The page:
Based on this definition of faith, we can begin to understand what a religion is.  In the broadest sense of the word, a religion is a community of people who share a religious faith in a god or a specific group of gods.  For example, Christianity is the community of people who profess their faith in the Triune God (the Trinity).  As you can see, a religion requires a group of people.  In addition, the practice of a religion takes place within the community.  While all religions do emphasize the internal faith, devotion, and prayer life of the individual, all religions are also defined by the outward signs of faith, devotion, and prayer of the community as a whole.  In Christianity, all Christians, no matter what their specific denomination, gather to worship God on Sundays.

Some of the religions of the world are monotheistic.  Monotheistic religions believe in and worship only one God.  There have been several monotheistic religions in history; the three most common monotheistic religions today are Judaism, Christianity, and Islam.  These three monotheistic religions are related historically and share many similar beliefs.  Polytheistic religions are much more common in the history of the world.  Polytheistic religions believe in and worship more than one god.  The largest polytheistic religions today are Hinduism, Shintoism, and the native religions of the indigenous populations of the Americas, Africa, and Australia.  The ancient Greeks, Romans, and Egyptians, among many other civilizations, were also polytheistic.  Finally, there are several religions that do not fit either of these two categories.  They are called religious philosophies because they tend to focus more on the proper behavior for this world or on the individual’s development of their own social or meditative skills.  Buddhism is a religion that is not at all concerned about the gods, although they do recognize the existence of gods; Buddhists focus on meditation to clear the mind and reach enlightenment.  Confucianism is another religious philosophy.  Again, Confucianism doesn’t deny the existence of the gods, but it focuses on how an individual is supposed to live a good and proper life for the benefit of all in the community.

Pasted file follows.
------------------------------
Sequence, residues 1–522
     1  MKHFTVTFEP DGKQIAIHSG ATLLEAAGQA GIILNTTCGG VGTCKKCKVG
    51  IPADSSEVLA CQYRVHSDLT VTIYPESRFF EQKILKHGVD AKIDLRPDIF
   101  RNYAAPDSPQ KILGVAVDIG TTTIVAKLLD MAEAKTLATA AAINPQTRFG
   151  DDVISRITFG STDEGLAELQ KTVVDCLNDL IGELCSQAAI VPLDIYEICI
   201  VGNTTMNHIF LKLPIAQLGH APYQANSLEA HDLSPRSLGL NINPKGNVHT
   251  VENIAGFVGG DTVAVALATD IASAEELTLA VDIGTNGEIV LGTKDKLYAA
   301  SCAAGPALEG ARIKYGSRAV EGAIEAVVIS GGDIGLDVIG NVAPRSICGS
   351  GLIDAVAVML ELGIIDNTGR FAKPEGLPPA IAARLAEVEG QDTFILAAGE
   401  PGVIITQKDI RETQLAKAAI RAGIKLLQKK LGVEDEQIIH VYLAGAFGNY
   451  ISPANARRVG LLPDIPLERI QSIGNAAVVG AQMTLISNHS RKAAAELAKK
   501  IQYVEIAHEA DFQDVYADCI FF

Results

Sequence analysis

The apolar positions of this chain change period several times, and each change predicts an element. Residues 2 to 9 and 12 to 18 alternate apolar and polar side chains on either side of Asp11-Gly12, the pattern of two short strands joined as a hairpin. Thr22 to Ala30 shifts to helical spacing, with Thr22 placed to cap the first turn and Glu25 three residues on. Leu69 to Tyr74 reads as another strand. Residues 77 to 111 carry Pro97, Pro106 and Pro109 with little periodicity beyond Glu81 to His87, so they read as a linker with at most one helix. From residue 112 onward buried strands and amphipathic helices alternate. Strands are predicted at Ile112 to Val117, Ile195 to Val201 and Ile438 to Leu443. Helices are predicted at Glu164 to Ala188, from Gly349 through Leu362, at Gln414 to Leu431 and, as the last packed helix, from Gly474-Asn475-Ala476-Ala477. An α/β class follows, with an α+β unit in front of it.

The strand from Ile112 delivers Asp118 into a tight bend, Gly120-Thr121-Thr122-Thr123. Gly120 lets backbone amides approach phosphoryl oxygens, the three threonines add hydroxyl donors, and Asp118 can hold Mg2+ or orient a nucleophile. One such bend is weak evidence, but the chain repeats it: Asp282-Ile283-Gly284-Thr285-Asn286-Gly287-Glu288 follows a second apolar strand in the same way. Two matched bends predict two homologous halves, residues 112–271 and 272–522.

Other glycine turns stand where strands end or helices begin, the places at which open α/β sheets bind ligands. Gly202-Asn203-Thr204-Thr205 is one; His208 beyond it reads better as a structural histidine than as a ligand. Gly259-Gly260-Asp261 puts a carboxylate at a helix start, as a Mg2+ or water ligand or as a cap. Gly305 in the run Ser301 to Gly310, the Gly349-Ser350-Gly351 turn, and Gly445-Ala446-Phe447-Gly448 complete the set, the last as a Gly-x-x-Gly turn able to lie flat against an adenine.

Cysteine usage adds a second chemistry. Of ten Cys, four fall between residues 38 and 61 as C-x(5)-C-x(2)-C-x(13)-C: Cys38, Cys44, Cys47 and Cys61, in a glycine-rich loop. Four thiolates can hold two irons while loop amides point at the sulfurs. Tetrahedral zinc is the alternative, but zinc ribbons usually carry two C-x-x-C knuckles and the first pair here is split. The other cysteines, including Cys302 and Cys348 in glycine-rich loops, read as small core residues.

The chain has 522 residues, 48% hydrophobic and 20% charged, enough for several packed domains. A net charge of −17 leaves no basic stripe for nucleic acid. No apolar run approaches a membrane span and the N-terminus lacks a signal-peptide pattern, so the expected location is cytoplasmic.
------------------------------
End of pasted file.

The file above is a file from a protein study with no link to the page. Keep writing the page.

FAITH MATTERS: The Meaning of Grace

stone of graceFor the last few decades the word “Grace” has been a very “in” word! It has been used to help sell many self-help and religious books. But what does the word actually mean? And why is it important?

“Grace” is the English translation of the Greek word charis which means “that which brings delight, joy, happiness, or good fortune” (HaperCollins Bible Dictionary). In secular Greek, charis was related to the verb chairo, “to rejoice”. As far back as Homer, it denoted “sweetness” or “attractiveness.” Eventually it came to signify “favor,” “goodwill,” and “lovingkindness.”  In the New Testament, “grace” (the word appears 156 times) is often used by St. Paul as a greeting: “Grace and peace to you from God our Father” (Colossians 1:2) where the greeting of peace would be recognized as a blessing by his Jewish audience and grace would be familiar as a blessing among his Greek readers. Continue reading

FAITH MATTERS: Devotion to the Sacred Heart

The Sacred Heart_square‘The more things change, the more they stay the same.’ (A. Karr)

During my childhood, a picture of the Sacred Heart hung on the wall of our living room – kindly watching over us, protecting us, loving us. That picture was a sacramental in my life, a tangible reminder of God’s unconditional love. Often I would pray by talking out loud to the kind and good God represented by that picture. Intuitively, I understood that the heart, so graphically portrayed, was symbolically beating with love for me. The eyes which seemed to follow me as I moved around the room were kindly watching over me with love. I found it hard to have a relationship with God the Father in Heaven, or the Holy Spirit, who was like the wind which blows wherever it wills (John 3:18), but Jesus Christ, who loved me enough to die for me, was alive and real. Continue reading

FAITH MATTERS: “The Son of Man”

christ-good-shepherd-icon-orthodox-window-into-heavenJesus’ favorite term for Himself was “The Son of Man” – How does this impact Evangelii Gaudium?

“The Son of Man” is how Jesus most often refers to himself in the Gospels, 30 times in Matthew, 14 times in Mark, 25 times in Luke and 12 times in John. However the phrase (including the definite article), never appears as such in the Old Testament. So what did Jesus mean when He used this phrase to describe Himself? And what are the implications for all of us?

What does appear in the Old Testament is “son of man” without the definite article (literally “son of adam”); this appears over one hundred times. This usage is what Jesus would have known as He studied scripture. It appears 93 times in Ezekiel, and 14 times elsewhere including in Numbers, Job, Psalms, Isaiah and in a text in Daniel which was originally written in Aramaic (7:13-14). However, its usage in Daniel is very different from how it is used the other 106 times.
In all cases, apart from Daniel, ‘son of man’ appears to refer to our weakness and frailness as human beings. Sometimes it is used as if it is a substitute for a personal pronoun. In the case of Ezekiel, it is used by a divine being to refer to Ezekiel. It appears to be a title referring to the humanity of the author, similar to calling someone human.